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Total Articles: 3

Fourth Circuit Court of Appeals Holds Hostile Work Environment Can Be Created With A Single Racial Epithet

Despite consistent direction from the United States Supreme Court that courts should look at "all the circumstances" in determining whether a workplace environment is sufficiently hostile or abusive to give rise to an actionable claim of harassment, see, e.g., Faragher v. City of Boca Raton (1998), the Fourth Circuit Court of Appeals has held that a supervisor who called an African-American employee a "porch monkey" twice in a 24–hour period transformed the workplace into a racially hostile environment in violation of Title VII of the Civil Rights Act of 1964 (Title VII). The decision, Boyer-Liberto v. Fontainebleau Corporation (4th Cir. 2015), not only concludes that a hostile environment can be created by a single offensive utterance but also that an employee who reports such offensive speech to management is protected from retaliation so long as the employee reasonably believes the conduct was in violation of Title VII.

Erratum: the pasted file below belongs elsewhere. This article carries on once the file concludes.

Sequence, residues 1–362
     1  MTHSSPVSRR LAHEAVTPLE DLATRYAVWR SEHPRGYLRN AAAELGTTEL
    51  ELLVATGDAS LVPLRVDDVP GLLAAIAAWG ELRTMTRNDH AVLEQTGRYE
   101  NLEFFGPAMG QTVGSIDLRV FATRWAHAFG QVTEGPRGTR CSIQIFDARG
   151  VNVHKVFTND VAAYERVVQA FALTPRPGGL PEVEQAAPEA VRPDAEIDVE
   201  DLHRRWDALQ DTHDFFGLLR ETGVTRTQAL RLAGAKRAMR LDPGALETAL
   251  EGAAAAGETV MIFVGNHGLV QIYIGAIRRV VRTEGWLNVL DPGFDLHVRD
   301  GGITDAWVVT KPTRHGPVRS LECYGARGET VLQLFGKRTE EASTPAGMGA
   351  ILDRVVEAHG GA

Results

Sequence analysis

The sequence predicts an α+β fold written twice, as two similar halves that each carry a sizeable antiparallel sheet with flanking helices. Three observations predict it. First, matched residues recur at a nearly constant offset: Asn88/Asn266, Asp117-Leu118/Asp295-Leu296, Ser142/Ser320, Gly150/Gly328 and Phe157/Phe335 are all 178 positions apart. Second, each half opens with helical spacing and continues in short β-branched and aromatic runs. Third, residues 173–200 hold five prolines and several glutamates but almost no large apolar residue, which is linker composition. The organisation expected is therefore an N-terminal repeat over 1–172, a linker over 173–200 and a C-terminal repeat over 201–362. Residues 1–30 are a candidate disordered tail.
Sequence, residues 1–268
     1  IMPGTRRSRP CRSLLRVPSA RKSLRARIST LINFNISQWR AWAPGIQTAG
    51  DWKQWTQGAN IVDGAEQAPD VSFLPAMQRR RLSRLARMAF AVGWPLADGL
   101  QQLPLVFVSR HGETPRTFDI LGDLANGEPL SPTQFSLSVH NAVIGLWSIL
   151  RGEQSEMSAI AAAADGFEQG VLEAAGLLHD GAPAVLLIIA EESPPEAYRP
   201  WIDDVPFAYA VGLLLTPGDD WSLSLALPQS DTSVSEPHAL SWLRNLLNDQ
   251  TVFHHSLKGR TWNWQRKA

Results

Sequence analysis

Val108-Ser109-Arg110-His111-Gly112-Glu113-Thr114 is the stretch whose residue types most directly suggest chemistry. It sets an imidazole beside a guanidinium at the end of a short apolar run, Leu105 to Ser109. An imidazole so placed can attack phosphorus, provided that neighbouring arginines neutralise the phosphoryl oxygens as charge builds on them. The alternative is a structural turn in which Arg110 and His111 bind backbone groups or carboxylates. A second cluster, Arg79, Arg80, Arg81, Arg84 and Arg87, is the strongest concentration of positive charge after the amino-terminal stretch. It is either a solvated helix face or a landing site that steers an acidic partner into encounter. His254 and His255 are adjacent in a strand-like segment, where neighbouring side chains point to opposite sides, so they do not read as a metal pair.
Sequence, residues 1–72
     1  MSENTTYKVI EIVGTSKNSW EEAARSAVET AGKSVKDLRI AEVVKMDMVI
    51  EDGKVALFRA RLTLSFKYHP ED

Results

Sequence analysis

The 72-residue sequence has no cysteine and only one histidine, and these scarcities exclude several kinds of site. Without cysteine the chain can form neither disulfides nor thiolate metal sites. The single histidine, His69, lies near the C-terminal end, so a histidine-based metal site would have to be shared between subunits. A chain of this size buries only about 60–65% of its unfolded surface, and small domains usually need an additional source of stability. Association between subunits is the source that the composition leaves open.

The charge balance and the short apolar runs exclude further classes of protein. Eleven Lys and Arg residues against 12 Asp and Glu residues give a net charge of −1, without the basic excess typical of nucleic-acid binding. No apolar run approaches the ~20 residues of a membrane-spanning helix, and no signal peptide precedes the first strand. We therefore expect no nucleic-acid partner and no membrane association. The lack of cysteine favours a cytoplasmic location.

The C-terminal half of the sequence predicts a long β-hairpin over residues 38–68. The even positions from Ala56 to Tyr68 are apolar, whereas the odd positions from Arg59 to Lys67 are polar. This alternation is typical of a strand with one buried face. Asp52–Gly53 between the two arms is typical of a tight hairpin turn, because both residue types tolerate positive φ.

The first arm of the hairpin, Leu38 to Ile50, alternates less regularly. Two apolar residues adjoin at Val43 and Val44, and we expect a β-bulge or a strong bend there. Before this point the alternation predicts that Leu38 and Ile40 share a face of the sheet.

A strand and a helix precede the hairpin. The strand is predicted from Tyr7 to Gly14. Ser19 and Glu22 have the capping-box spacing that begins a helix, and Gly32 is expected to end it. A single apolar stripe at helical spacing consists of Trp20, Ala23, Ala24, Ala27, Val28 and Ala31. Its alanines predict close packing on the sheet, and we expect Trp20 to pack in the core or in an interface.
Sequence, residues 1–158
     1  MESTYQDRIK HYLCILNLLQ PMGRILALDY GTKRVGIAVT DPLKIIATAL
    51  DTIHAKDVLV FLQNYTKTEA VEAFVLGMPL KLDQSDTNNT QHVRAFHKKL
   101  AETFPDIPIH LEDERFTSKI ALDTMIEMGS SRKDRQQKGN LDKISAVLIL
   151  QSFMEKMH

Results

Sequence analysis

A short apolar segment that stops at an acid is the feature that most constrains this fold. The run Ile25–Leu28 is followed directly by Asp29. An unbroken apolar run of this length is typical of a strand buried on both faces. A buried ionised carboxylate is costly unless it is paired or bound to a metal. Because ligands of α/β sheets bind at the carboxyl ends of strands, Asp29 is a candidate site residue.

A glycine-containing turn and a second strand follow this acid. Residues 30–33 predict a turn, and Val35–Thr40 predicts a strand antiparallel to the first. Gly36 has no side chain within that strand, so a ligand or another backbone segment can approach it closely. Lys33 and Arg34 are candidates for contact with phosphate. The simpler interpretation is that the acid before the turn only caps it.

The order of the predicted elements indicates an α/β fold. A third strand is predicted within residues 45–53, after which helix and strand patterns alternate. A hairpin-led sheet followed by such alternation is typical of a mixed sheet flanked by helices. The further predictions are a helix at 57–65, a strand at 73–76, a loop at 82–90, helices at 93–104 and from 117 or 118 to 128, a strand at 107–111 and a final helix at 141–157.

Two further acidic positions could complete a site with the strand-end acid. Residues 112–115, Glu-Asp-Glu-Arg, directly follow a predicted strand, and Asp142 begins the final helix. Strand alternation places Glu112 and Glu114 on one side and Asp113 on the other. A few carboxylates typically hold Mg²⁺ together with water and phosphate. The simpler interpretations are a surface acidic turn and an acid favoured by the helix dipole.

Why Would Employees Tease About Nooses In 2013?

It was surprising and disappointing to read about a punitive damages award against a North Carolina employer who allegedly tolerated employees referring to an African-American coworker as a “coon” and offering him a hangman’s noose. It’s 2013, not 1960.

Race-Based Comment Found Not To Be "Hostile".

A federal appellate court recently held that an employee who claimed he was subjected to 14 months of racially-motivated comments cannot succeed on his Title VII racial harassment claim. According to the Seventh Circuit Court of Appeals, the case must be dismissed because the alleged behavior was not "severe and pervasive" and the employee failed to adequately pursue his complaint with his supervisors.
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